Cavalier King Charles Spaniel

Updated: October 20, 2017
Cavalier King Charles Spaniel

Hailing from the United Kingdom, the Cavalier King Charles Spaniel was a favorite among royal and noble families in England. In fact, Mary Queen of Scots was escorted to her beheading by her little toy spaniel.

Their floppy ears, characteristic wagging, sad eyes and charming personality have everyone falling in love with them. If you have fallen victim to their charm and wish to adopt a Cavalier King Charles Spaniel, it is very important for you to know the ins and outs of the breed. Therefore, AnimalWised have put together this breed file to explain their accepted physical characteristics, necessary care, possible health issues and more.

Are you ready to discover everything you need to know about this gorgeous breed? Let's start!

  • Europe
  • United Kingdom
FCI classification
  • Group IX
Physical characteristics
  • 5-14
  • 14-18
  • 18-22
  • 22-27
  • 27-31
  • More than 31
Adult weight
  • 2-7
  • 7-22
  • 22-55
  • 55-100
  • 100-220
Life expectancy
  • 8-10
  • 10-12
  • 12-14
  • 15-20
Recommended physical activity
  • Low
  • Meidum
  • High
Recommended climate
Type of hair


  1. Origin of the Cavalier King Charles Spaniel
  2. Physical characteristics of the Cavalier King Charles Spaniel
  3. Cavalier King Charles Spaniel Temperament
  4. Caring for a Cavalier King Charles
  5. Cavalier King Charles Spaniel health problems

Origin of the Cavalier King Charles Spaniel

As mentioned, this floppy-eared spaniel orginates from the United Kingdom and is one of the most popular breeds in the world. During the early 18th century, John Churchill, the 1st Duke of Marlborough, kept red and white King Charles type spaniels for hunting. His estate, named Blenheim - in honour of his victory at the Battle of Blenheim - inspired the name of the red and white variety of the King Charles Spaniel. Therefore, the Cavalier King Charles Spaniel became known as the Blenheim[1].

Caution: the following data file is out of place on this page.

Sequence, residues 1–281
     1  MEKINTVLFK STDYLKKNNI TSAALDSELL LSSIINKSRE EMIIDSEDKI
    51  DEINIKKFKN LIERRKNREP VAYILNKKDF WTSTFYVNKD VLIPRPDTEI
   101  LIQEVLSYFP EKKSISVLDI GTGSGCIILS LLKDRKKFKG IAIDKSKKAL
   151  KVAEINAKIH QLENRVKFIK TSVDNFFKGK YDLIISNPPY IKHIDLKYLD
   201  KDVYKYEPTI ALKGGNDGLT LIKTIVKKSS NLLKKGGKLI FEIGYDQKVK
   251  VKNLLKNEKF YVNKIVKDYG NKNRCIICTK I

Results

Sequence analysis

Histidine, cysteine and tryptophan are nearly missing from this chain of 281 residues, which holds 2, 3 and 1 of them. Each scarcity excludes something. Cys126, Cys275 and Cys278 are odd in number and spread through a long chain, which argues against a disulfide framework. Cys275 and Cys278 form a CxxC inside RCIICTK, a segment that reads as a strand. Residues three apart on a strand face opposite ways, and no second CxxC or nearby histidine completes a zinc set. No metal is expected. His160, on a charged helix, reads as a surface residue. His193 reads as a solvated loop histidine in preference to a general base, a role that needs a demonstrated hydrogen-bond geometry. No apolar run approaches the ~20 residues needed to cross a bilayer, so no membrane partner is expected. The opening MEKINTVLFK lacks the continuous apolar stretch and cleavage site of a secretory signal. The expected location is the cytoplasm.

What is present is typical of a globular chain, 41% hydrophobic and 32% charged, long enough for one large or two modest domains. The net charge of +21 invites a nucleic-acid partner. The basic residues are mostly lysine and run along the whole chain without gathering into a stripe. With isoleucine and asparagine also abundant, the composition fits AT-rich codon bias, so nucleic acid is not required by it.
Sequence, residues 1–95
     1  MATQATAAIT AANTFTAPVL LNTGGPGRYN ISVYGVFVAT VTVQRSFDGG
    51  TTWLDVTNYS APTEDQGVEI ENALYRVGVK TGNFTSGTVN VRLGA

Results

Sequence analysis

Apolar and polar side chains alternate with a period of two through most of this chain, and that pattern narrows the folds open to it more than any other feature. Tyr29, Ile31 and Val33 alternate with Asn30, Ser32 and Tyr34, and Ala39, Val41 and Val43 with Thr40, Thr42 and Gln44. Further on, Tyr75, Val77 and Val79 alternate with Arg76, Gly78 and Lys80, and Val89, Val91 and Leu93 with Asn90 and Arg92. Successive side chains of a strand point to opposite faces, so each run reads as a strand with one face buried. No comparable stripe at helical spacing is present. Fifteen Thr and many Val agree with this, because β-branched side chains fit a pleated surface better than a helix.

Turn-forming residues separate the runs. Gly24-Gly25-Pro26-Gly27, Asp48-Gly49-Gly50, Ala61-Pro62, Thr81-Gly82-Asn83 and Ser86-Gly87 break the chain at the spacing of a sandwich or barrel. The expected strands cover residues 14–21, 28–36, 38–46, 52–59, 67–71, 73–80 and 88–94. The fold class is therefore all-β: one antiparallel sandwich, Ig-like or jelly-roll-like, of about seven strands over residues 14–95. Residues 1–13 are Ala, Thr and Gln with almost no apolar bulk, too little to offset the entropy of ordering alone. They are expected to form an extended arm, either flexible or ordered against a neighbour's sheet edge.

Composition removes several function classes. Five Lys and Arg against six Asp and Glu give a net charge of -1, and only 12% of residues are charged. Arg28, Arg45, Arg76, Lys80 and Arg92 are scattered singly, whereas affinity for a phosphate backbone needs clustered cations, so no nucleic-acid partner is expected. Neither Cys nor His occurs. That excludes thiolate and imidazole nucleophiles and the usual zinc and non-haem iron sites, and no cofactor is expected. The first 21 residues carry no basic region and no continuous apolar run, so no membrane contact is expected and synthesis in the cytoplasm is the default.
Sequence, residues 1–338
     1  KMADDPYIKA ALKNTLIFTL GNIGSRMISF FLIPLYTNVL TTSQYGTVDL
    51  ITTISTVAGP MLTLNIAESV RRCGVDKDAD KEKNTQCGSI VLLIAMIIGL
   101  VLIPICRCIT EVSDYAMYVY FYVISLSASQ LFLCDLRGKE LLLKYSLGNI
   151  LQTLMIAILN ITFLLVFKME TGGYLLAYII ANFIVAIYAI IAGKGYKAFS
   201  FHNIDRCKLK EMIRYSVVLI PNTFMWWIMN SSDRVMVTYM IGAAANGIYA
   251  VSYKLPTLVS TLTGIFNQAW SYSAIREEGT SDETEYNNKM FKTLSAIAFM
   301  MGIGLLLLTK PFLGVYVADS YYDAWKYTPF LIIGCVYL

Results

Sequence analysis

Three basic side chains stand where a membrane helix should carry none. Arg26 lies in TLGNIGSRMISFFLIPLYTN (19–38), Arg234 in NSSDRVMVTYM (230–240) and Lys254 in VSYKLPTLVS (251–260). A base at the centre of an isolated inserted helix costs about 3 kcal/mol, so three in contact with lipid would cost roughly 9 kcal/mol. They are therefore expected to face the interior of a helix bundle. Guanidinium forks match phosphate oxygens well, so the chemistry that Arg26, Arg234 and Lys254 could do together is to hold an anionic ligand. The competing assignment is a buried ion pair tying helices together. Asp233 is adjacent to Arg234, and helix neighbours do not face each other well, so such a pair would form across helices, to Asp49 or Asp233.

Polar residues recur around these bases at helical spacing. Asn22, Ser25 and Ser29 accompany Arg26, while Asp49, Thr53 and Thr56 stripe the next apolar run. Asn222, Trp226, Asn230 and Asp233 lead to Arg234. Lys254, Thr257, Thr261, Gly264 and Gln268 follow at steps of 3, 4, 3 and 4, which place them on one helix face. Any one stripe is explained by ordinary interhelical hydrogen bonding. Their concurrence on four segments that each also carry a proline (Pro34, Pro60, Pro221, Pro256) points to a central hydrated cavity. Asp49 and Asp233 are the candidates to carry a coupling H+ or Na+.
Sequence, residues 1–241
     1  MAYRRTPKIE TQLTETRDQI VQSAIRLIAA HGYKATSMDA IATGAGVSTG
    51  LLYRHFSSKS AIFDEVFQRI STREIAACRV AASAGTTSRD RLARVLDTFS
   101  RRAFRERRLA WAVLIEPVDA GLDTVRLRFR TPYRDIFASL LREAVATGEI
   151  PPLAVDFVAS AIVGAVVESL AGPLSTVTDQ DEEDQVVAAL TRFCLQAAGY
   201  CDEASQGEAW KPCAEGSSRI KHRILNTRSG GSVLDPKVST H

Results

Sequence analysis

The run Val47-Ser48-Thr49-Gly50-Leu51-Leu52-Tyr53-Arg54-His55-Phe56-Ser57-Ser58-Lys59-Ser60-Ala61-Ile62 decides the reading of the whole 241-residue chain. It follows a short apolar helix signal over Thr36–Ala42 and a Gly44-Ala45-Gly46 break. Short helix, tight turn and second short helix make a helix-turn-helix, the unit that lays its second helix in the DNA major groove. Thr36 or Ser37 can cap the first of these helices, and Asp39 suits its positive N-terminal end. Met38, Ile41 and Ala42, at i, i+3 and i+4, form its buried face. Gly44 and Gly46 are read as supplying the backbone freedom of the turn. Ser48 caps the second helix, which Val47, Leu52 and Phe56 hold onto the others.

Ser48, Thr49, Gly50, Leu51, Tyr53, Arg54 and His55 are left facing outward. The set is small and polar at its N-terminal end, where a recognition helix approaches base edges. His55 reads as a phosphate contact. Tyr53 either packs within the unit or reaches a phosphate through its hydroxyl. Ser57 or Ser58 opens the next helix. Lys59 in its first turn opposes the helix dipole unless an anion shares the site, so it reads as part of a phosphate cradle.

In 1926, the American Roswell Eldridge offered a dog show class prize of twenty-five pounds each as a prize for the best male and females of "Blenheim Spaniels of the old type, as shown in pictures of Charles II of England's time, long face, no stop, flat skull, not inclined to be domed, with spot in centre of skull." The breeders of the era condemned this, yet several entered what they deemed sub-par King Charles Spaniels in the competition. Although Eldridge died before his plan came to life, many breeders supported his ideas, and created the first Cavalier club in 1928. The first standard was created, based on a dog named "Ann's Son" owned by Mostyn Walker, and the Kennel Club recognized the variety as "King Charles Spaniels, Cavalier type"[2].